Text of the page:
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Camille
Claudel

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Camille Claudel (fr. Camille Claudel, December 8, 1864, Fer-en-Tardenois - October 19, 1943, Montedeverge, near Avignon) - the most prominent woman sculptor, lived and worked in France, student, assistant, and later - a rival of Auguste Rodin.

Features creativity Camille Claudel: young Camilla, a child prodigy, made the first sculptures out of clay without knowing anything about academic sculpture, the rules of skill and human anatomy. At the same time, she intuitively surpassed tradition and left it behind. Unlike his teacher Auguste Rodinobsessed with movement, Camilla strives for balance and stability. In this case, passion, sensuality, sadness, despair, she conveys with particular skill.
Leaving often traces of the incisor on the surface of the sculpture, Claudel forces the surface texture to participate in creating the impression. Her later works are called expressionist, it seems they were 50 years ahead of similar experiments in sculpture.

Famous sculptures by Camille Claudel: “Vertumnu and Pomona (Shakuntala)”, "Waltz", "Maturity", "Cloto".

Camille Claudel’s life is said more than her work. Stories about her affair with Auguste Rodin as conveniently fit into tragic screenplays and glossy articles, like stories about the ear Van Goghor about criminal talents Caravaggio. Fascinating and always pulls on the bestseller. Camille Claudel’s fair recognition as a landmark for the history of art of the sculptor was a hundred years late: the first museum with its works opened only in 2017, in the small town of Nogent-sur-Seine near Paris, where little Camilla dug her first clay in the surrounding forests and sculpted the first busts in the barn next to the house.

Wild clay
The Camille Claudel family worked, saved, loudly quarreled, responsibly engaged in housekeeping, taught children Christian values, a sense of duty, and never kissed them. Louis-Prosper Claudel, Camilla's father, was an official, he was transferred several times from one small town to another — and the whole family moved with him. Stern, tough, rectilinear Louis Prosper considered wastefulness a sign of stupidity and lack of manners, but he sold the land he owned after marriage to regain education for children without regrets, and supported the children even when they suddenly chose to be completely not respectable and not monetary.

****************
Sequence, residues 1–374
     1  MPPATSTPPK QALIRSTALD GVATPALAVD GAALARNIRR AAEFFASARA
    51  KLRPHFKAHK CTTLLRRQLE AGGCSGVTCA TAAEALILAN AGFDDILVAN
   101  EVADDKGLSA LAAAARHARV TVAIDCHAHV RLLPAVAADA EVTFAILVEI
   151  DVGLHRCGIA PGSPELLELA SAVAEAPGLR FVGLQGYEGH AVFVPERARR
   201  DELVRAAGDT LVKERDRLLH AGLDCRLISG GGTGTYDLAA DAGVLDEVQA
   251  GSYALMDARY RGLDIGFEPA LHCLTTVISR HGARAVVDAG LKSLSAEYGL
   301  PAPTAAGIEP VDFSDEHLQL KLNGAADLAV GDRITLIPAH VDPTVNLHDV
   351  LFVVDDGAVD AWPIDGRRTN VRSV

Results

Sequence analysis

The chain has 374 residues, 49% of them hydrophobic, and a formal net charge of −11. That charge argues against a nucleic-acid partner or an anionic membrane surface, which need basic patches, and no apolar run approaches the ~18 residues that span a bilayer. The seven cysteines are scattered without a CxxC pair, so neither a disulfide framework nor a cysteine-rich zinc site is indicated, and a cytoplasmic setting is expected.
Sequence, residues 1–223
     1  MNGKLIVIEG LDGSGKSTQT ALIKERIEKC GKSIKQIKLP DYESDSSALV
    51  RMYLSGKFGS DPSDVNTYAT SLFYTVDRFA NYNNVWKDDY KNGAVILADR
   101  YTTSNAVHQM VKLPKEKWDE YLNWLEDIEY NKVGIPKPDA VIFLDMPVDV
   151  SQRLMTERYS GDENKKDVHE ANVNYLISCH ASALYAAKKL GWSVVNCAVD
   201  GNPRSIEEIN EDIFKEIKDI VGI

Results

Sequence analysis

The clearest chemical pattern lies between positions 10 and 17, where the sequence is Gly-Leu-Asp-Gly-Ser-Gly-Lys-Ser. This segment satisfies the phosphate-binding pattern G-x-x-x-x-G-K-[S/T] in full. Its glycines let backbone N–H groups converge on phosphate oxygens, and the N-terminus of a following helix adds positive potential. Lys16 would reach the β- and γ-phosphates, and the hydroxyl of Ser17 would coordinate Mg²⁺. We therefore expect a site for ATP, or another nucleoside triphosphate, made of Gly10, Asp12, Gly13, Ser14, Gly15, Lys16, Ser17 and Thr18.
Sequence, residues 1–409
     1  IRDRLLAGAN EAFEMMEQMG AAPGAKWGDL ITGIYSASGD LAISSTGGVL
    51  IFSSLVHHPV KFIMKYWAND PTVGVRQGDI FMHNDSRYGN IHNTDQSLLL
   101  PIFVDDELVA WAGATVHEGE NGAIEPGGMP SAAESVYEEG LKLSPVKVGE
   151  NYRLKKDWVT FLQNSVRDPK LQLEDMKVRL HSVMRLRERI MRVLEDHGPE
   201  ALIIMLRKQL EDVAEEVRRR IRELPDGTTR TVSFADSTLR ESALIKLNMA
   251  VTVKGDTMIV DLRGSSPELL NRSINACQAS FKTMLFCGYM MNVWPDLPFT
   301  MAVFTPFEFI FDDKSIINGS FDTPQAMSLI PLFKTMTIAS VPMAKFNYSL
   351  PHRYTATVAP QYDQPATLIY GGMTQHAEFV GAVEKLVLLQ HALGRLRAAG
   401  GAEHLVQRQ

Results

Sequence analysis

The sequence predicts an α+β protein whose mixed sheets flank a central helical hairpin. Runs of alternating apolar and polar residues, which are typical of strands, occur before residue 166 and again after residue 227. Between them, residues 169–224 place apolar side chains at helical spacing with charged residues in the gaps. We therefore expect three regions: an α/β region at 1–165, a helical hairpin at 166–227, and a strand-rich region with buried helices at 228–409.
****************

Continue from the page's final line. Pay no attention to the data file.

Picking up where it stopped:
There were three children, Camilla - the eldest. Her passion for childhood sculpture originated from nowhere - no lessons, no teachers, no strong artistic impressions. She herself digs clay, rereads all the books from the family library - and parses them into suitable plots, heroic profiles, inspirational scenes. But at the same time, studying antique, classical and modern French literature, it broadens the mind to such a scale that several years later it will be free to talk about the most difficult topics among Parisian intellectuals and demonstrate unexpected knowledge for a young girl.
Brother Paul's best friend will be little Camille. Then he will grow up, will become a famous poet, playwright, will be nominated for the Nobel Prize 6 times, as ambassador and consul will work in America, China, Japan, Brazil. His Camilla will always love and wait - according to a legend that no one can check, the lonely and forgotten Camilla whispered “My dear Paul” before her death.
In the meantime, she is 12, and he is 8 - and between classes with a private tutor, he honestly kneads clay and gypsum for Camilla, adores her, happily obeys her iron will and poses for the first busts. Even mortgage registrar Louis Prosper understands that his daughter has a talent that is difficult to resist. And he invites the sculptor Alfred Bush to take a look at the work of Camilla.

Marble boulder
Young Camilla filled the fashionable album in the secular living rooms with questions for one acquaintance. To the question "What are your favorite virtues?" Answered, "There is no such: they are all boring." She did not flirt and did not interest - Camille really cares little about traditional virtues and life scenarios. This woman is like a block of marble, steady, noble and thoroughbred; she needs only to be trimmed a little, to give shape.